Sinking money into real estate investment trusts is considered to be one of Wall Street’s most complex investments.
Owning shares of REITs gives investors an opportunity to get investment exposure to real estate, including apartments, shopping centers and office buildings. But they’ve gained a reputation of being risky and confusing — especially after the industry was pummeled during the last real estate crash.
Even Lloyd McAdams, chief executive of Anworth Mortgage Asset Corp., makes no bones about saying his Santa Monica REIT does carry some risk. But it also has given shareholders high dividend yields as the real estate market has recovered.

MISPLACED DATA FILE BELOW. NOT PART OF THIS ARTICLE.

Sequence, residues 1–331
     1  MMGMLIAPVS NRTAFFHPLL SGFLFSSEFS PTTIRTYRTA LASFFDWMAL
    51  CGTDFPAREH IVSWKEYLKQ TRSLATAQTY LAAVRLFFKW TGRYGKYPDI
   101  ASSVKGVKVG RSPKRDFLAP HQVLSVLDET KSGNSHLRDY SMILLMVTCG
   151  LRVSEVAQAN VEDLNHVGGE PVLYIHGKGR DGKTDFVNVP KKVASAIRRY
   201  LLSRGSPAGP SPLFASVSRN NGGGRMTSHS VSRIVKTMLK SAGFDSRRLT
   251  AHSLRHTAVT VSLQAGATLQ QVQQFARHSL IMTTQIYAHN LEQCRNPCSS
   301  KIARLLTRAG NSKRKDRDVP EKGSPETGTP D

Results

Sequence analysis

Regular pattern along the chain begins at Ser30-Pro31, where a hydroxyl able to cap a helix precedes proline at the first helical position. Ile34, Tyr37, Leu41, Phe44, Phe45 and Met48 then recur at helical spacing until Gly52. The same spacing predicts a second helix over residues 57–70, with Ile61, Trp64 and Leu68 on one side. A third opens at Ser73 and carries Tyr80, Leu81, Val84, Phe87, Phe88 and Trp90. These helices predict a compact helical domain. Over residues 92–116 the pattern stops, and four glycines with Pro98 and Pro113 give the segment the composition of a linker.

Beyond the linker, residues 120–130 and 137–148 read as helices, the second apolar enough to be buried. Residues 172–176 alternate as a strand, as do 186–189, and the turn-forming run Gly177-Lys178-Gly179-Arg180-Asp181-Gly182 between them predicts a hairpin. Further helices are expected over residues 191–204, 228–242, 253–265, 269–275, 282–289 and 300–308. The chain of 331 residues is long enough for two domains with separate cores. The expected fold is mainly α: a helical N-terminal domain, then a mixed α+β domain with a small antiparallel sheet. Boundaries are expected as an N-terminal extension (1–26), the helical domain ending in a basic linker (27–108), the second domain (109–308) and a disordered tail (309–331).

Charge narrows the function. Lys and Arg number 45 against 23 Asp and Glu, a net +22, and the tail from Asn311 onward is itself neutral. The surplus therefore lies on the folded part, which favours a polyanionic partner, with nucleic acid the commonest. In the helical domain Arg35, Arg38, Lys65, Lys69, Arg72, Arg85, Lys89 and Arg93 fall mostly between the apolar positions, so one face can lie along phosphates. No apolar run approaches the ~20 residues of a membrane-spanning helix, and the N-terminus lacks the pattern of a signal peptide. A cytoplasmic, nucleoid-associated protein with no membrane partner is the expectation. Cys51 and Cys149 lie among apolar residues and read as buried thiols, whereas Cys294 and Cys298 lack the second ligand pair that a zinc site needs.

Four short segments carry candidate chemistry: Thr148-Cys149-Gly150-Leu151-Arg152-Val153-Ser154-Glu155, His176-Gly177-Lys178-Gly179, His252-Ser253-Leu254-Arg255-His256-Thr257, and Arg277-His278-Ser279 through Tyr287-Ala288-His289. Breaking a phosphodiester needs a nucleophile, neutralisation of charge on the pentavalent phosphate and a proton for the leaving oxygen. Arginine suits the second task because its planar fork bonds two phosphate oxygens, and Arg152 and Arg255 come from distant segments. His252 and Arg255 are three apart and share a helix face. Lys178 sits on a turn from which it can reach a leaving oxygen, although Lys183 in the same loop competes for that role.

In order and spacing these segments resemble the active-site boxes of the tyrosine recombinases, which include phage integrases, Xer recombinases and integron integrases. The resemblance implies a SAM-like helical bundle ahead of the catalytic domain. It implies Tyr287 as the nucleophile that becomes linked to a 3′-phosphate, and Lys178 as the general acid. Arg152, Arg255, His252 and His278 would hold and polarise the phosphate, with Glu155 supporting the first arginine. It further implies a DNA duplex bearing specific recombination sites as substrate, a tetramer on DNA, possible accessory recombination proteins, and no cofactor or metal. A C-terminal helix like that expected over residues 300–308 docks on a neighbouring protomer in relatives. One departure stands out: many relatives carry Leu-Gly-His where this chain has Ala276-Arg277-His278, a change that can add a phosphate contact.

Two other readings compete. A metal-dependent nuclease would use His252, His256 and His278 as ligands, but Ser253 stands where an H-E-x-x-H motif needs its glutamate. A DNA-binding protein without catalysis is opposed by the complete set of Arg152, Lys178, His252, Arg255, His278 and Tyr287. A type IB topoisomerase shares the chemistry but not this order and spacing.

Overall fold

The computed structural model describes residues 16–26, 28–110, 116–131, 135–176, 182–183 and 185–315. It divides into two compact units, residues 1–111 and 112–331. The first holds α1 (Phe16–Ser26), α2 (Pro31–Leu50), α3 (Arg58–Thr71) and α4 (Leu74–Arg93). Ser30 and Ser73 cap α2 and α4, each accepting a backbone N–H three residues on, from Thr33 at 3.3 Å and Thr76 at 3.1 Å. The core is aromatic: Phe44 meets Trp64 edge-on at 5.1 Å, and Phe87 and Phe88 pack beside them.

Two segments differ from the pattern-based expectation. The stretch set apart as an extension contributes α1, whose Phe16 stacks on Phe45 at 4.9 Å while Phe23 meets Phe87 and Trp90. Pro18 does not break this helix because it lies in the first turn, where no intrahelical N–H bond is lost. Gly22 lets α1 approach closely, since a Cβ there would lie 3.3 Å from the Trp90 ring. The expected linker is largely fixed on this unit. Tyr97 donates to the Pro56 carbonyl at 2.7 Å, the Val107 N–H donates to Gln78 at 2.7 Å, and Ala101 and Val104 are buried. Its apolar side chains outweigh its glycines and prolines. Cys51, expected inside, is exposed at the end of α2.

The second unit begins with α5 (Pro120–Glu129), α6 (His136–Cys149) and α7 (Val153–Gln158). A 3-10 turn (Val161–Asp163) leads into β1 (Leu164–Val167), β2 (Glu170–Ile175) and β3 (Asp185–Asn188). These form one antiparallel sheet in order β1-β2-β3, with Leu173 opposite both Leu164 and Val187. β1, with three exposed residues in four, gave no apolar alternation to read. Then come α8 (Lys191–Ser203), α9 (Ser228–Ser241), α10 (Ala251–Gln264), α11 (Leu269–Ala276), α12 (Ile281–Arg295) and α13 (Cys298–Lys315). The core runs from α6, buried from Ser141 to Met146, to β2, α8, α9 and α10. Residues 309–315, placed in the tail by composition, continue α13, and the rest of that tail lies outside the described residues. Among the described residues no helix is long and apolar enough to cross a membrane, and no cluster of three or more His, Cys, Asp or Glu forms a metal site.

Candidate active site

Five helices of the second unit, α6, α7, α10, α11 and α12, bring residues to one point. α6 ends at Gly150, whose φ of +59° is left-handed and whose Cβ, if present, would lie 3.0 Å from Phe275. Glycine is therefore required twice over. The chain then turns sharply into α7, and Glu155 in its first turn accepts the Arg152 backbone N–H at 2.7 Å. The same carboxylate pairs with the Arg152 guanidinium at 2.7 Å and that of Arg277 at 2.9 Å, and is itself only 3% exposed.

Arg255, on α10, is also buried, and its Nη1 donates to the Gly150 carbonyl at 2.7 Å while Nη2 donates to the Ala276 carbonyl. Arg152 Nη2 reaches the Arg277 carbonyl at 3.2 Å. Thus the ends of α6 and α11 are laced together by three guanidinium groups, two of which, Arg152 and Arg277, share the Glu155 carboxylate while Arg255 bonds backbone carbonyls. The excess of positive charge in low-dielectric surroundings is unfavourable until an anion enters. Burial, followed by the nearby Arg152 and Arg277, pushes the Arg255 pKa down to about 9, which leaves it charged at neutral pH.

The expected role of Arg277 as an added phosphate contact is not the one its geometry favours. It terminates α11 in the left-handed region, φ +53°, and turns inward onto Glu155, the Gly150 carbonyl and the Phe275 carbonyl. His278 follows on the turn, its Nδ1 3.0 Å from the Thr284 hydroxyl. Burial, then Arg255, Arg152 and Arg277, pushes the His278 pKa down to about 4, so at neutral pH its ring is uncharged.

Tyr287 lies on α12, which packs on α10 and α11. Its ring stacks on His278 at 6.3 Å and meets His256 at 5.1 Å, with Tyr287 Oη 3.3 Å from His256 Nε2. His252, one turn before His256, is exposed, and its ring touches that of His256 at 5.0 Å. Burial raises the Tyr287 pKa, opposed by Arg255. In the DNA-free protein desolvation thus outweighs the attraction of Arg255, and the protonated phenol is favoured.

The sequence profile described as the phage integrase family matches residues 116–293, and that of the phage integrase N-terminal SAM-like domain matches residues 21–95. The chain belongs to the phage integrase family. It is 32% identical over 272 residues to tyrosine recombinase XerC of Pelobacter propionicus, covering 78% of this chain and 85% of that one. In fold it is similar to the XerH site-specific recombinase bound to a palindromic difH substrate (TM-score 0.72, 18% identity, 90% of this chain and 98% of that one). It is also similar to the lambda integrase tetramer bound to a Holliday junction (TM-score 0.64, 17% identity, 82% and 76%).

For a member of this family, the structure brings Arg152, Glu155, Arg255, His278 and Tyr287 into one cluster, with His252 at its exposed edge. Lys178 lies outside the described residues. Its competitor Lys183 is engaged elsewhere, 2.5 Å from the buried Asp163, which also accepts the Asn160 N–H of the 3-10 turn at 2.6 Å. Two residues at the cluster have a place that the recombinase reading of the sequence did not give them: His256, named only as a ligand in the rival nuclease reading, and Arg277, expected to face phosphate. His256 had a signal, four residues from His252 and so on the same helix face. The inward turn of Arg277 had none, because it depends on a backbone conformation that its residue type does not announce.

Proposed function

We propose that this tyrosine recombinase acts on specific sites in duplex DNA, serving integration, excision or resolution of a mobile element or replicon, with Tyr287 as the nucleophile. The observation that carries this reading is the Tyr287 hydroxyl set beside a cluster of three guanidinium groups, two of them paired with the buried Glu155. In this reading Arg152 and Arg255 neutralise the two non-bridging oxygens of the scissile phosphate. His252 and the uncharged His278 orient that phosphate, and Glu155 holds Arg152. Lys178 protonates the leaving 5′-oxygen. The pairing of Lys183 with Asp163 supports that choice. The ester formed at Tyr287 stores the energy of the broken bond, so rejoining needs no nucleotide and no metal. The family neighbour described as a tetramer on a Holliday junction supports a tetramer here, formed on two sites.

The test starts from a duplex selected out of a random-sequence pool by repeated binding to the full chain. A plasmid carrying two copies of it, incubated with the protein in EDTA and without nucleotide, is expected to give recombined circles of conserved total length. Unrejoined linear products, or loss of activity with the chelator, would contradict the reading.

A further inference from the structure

“The potential magnitude of the risks we have to manage around has been the most daunting aspect of managing the business,” said McAdams, who has been CEO since the company was founded in 1998.
Anworth’s stock price has had big gyrations because of the company’s ties to the housing market. The stock at one point traded above $15 before the housing crisis walloped the industry. It now trades for about $5 a share.
But analysts are bullish on the company’s prospects and hail its consistent dividend. The company has averaged about a 10% payout every year for the last decade. That compares to the 2.65% average weighted dividend yield for the Standard & Poor’s 500 index.